Murray Foote: SNP investigation could have 'serious consequences' for Police Scotland
Former SNP spin doctor Murray Foote has warned of "serious consequences" if the Police Scotland probe into SNP finances ends without charge.
Operation Branchform has seen a raid on the party's Edinburgh headquarters and a forensics tent set up outside the front door of the home shared by former first minister Nicola Sturgeon and her husband Peter Murrell.
The inquiry centres around party finances during the time that Murrell was SNP chief executive.
He stepped down earlier this year after misleading claims about SNP membership figures were circulated. Foote, the former editor of the Daily Record, quit as its head of communications over the same row.
Writing in that newspaper today, Foote compares the investigation to the failed Rangers prosecution.
It was found to be a "malicious" by the Crown Office and more than £51m in public money has been paid out to those wrongly arrested in the course of the investigation.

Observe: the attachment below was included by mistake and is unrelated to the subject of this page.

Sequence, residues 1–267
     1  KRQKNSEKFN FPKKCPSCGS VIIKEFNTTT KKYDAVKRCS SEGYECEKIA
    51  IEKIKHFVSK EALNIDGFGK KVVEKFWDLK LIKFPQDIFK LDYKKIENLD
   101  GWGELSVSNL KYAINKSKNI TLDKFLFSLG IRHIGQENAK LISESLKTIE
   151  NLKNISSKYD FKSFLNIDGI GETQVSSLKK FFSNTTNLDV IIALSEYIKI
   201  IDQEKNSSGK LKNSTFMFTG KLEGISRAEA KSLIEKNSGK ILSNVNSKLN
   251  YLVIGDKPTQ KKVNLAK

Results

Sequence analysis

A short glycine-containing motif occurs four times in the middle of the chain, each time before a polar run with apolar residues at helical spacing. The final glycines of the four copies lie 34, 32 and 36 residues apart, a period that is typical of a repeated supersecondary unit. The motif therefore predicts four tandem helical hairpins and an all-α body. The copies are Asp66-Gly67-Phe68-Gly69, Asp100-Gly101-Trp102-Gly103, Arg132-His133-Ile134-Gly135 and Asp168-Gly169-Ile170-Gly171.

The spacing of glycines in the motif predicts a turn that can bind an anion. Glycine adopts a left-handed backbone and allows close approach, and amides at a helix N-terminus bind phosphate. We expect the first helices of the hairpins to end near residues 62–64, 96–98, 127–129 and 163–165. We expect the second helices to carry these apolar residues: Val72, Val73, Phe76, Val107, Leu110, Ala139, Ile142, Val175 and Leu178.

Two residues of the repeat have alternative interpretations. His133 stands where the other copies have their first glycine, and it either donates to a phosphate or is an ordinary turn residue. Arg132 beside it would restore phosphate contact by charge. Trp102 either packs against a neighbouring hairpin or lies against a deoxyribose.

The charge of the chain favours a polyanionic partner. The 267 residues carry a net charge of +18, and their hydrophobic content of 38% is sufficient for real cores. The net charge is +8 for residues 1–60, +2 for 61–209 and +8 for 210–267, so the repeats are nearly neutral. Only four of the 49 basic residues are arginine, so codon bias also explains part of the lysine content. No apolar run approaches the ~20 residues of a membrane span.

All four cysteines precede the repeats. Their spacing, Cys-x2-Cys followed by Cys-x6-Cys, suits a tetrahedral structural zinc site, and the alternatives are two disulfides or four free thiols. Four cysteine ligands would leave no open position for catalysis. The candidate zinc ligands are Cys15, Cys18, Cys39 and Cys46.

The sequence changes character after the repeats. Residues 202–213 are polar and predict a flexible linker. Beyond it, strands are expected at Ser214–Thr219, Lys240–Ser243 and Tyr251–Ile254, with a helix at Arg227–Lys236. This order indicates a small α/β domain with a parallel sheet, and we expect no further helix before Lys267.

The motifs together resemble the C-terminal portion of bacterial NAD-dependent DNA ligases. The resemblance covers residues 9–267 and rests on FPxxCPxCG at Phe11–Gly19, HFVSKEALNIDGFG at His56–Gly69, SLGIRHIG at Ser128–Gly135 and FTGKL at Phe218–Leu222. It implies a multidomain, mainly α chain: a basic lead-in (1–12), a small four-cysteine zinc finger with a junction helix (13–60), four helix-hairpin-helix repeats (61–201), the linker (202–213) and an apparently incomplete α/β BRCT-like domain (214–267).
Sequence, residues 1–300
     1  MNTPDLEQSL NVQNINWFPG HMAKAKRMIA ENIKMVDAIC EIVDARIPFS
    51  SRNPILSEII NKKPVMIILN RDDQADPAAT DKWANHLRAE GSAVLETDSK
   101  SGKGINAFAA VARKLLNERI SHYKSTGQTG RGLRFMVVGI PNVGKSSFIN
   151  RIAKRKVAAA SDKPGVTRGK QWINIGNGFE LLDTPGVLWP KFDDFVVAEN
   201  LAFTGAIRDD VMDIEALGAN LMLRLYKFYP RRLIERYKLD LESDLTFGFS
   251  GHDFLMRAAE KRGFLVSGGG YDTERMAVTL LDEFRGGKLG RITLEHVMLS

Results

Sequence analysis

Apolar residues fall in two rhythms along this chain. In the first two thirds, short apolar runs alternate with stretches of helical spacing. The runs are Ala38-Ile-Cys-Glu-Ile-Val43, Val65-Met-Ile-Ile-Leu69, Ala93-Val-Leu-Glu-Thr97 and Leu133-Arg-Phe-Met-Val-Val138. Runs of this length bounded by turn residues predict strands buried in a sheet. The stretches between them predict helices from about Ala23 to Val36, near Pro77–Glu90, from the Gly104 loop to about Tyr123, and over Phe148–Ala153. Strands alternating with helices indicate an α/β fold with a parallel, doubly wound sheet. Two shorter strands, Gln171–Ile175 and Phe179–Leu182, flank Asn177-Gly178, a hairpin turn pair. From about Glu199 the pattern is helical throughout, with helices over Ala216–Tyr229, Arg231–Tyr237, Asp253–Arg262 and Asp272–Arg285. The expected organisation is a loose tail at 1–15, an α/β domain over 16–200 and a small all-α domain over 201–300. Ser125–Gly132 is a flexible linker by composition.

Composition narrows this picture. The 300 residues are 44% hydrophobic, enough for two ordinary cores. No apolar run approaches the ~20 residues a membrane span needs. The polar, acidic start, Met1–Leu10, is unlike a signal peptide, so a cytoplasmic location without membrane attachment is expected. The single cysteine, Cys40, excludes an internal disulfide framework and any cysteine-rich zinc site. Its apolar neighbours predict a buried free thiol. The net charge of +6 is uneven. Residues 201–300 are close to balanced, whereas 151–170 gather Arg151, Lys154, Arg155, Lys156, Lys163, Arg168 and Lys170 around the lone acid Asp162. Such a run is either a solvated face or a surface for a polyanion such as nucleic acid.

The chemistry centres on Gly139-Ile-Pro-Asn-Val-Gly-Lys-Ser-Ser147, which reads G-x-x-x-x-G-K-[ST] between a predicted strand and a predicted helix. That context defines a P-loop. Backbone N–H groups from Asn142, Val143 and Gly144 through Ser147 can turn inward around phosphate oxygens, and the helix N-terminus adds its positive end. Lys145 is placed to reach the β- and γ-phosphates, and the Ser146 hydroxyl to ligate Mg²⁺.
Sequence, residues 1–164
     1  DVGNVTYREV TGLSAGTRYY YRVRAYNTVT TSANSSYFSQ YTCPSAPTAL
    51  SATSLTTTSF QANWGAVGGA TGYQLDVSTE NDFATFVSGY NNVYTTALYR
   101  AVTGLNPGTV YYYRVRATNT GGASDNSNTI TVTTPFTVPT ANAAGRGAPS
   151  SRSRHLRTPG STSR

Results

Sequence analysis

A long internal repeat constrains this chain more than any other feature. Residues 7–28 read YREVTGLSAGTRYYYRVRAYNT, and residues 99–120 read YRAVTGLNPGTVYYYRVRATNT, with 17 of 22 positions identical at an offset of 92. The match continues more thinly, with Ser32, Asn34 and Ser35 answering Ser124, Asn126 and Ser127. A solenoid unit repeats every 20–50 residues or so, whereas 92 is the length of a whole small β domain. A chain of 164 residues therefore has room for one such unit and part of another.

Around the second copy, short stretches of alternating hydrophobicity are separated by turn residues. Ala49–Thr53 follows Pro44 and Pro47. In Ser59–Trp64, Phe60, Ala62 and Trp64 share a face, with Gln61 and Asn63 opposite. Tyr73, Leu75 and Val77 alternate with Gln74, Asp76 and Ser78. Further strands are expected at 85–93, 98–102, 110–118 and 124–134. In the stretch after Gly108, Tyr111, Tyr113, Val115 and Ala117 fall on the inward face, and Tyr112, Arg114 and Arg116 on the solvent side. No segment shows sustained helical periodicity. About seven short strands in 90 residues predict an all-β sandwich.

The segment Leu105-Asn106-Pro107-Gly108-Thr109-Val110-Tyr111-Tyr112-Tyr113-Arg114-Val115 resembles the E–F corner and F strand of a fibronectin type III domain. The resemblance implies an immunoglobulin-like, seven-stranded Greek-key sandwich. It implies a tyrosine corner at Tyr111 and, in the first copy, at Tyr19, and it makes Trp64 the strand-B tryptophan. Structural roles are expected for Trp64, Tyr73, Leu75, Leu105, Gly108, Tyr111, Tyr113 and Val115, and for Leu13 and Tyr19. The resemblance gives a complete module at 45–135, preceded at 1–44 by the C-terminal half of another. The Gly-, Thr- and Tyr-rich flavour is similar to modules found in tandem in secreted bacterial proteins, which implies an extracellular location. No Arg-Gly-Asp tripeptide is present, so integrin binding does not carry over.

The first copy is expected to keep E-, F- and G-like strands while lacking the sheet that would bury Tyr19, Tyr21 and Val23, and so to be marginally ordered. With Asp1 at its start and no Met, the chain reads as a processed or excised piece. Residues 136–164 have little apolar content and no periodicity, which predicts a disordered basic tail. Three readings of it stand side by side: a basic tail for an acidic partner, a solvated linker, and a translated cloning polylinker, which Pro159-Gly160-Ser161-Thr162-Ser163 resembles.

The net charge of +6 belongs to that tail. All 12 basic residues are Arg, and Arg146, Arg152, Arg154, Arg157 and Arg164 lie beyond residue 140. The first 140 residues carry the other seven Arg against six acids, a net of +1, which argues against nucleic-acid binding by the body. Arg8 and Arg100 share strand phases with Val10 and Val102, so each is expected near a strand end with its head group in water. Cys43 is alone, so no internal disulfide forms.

It's inconceivable the authorities would be so cavalier
Murrell and former SNP treasurer Colin Beattie MSP were both arrested in the course of Operation Branchform.
Foote wrote that, if the probe - which has seen a campervan impounded and pen purchases questioned - is a "wild goose chase" this will "have serious consequences for the investigating authorities".
He stated: "Given the grim spectacle at the house Peter Murrell shares with Nicola Sturgeon and at the party HQ, it's inconceivable the authorities would be so cavalier without slam dunk evidence, right?
"Not necessarily. One word counters that assumption: Rangers."
If the operation has been "spectacularly misjudged" then "the reputational cost will be far more substantial than the cash spent on manpower", Foote wrote.
The comments follow concerns raised by Noel Dolan, a former special adviser to Sturgeon, who called the police response "very heavy handed" and "completely over the top".
The investigation is ongoing
He said: "Once this case is over the way Police Scotland has handled this matter will have to be scrutinised by the parliament."
A spokesperson for the Crown Office and Procurator Fiscal Service said it will "continue to work with police in this ongoing investigation", adding: "It is standard practice that any case regarding politicians is dealt with by prosecutors without the involvement of the law officers."
A Police Scotland spokesperson said: "As the investigation is ongoing we are unable to comment further."